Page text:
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FAQs

Below we have included a list of frequently asked questions on the DNP program. Also helpful are the American Association of Colleges of Nursing (AACN) frequently asked questions .

Q: What is the difference between a PhD program and a DNP program?

A: The PhD is the preferred research intensive doctoral degree in nursing.  Research-focused programs are designed to prepare nurse scientists and scholars, and focus heavily on scientific content and research methodology.  Research-based programs typically require an original research project and the completion and defense of a dissertation.

In contrast, a practice-focused doctoral program is designed to prepare experts in specialized advanced nursing practice.  The focus is heavily on clinical practice, one that is “innovative and evidenced-based, reflecting the application of credible research findings” (AACN, 2006).  Practice-focused doctoral programs require a practice application-oriented “final DNP project” instead of a knowledge-generating research effort (AACN, 2006).  The two types of doctoral programs differ in their goals and the competencies of their graduates, and hence, their coursework.  However, they represent complementary approaches to the highest level of preparation in nursing.  Both are considered terminal degrees in nursing, one in clinical practice, one in research, according to the American Association of Colleges of Nursing.

Q: Will the new DNP mean the end to nursing master’s degree programs?

Over the next several years, it is expected that nursing schools will begin to phase out those master’s degree tracks that prepare nurses for advanced practice (e.g., nurse practitioner).  This is in keeping with national recommendations (American Association of Colleges of Nursing and the accrediting body, Commission on Collegiate Nursing Education) that as of 2015, advanced practice nurses should be prepared with a DNP, not a master’s degree.  The national bodies that offer the certification exams for advanced practice are expected to require nurses to hold a DNP prior to examination as of 2015, and perhaps earlier for some specialties.  Selected schools may initially offer the DNP as a completion program for those who already hold a master’s degree in nursing.  However, over time many schools will phase out the advanced practice master’s degree tracks.  The DNP is designed to be a post-baccalaureate degree and there is considerable interest among baccalaureate degree graduates in pursuing this degree already.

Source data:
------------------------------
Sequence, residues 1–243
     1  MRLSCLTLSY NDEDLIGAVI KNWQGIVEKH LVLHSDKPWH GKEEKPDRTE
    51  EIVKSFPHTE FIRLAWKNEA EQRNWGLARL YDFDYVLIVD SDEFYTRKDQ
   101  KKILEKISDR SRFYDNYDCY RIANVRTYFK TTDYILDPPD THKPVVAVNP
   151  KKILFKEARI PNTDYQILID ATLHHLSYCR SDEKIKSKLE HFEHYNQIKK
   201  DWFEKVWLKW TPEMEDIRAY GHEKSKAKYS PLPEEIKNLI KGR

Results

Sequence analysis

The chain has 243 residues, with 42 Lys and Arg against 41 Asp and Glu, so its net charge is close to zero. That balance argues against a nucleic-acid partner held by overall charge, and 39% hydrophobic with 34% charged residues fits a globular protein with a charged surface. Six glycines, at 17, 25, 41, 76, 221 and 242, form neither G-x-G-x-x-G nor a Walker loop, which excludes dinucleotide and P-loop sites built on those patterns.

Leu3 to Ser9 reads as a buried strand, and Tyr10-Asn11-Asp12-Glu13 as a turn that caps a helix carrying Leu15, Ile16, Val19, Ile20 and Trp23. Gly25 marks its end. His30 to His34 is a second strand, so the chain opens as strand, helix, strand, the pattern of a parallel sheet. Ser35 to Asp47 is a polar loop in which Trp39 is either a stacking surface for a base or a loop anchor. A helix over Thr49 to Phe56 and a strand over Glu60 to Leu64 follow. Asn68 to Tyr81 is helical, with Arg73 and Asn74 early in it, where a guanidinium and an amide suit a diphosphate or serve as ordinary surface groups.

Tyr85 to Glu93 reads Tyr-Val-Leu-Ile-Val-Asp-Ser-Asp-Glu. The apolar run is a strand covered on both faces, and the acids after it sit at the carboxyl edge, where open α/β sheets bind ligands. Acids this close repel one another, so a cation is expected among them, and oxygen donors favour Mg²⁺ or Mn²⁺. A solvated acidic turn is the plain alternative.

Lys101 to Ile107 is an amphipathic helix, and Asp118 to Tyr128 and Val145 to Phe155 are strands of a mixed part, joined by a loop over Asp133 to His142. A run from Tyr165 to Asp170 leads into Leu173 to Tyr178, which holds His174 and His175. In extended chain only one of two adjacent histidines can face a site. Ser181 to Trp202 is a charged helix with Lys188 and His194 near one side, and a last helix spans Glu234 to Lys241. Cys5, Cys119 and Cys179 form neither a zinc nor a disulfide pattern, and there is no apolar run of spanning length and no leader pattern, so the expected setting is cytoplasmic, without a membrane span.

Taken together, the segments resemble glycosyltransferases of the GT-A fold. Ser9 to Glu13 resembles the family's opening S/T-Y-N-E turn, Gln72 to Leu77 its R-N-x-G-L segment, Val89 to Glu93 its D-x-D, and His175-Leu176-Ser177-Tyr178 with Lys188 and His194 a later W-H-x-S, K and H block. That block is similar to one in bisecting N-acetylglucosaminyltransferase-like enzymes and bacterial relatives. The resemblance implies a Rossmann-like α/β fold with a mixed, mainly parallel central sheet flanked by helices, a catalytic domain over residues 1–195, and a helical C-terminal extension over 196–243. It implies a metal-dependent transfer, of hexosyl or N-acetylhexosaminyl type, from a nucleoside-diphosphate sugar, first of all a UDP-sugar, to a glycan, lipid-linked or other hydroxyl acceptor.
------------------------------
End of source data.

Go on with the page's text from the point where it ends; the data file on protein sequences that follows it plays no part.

Other master’s degree tracks in nursing, such as the Clinical Nurse Leader will continue.

Q: Will the DNP change the scope of practice for NPs?

A: The scope of practice for NPs is determined by State Nurse Practice Acts. They determine if scope of practice changes over time.

Q: Will doctorally prepared NPs confuse the public?

A: No. The title of Doctor is common to many disciplines and is not the domain of any one group of health professionals. Many NPs currently hold doctoral degrees and are frequently addressed as “doctors”.  Other health care providers are addressed as “doctor”, including clinical psychologists, dentists, and podiatrists. APNs should retain their specialist titles after completing a doctoral program. For example, Nurse Practitioners will continue to be called Nurse Practitioners. All nurses should explain their role and preparation to patients.

Q: Will DNP graduates be able to become faculty members in schools of nursing?

A: Yes, but the DNP degree does not prepare educators per se any more than a PhD program does.  Graduates from all doctoral programs (DNP and PhD) who want to teach in schools of nursing should have additional preparation that adds coursework and experience in teaching to their base of clinical practice.  It is important to remember that expectations of faculty in terms of scholarship, i.e.- research and publications,  and how scholarship is defined, vary widely across institutions.

Q: Will the DNP degree add cost by requiring hospitals and health care agencies to pay more for advanced practice nurses?

A: This is a marketplace issue, not an educational one.  It is anticipated that DNP graduates employed in practice settings will contribute significantly to better patient outcomes and concomitantly to reduced costs (e.g., fewer complications, fewer readmissions, reduced medication errors).  Over time DNP graduates may command higher salaries based on the contributions they make to the health care system.

Q: Does implementation of the DNP mean advanced practice nurses will no longer be permitted to practice without a doctorate?

A: Nurses currently holding master’s degrees will continue to practice in their current capacities.  It is anticipated that most states will “grandfather” in those nurses holding advanced practice certification prior to 2015.  A similar process occurred when the field of pharmacy moved from requiring a bachelor’s degree to a professional doctorate for licensure.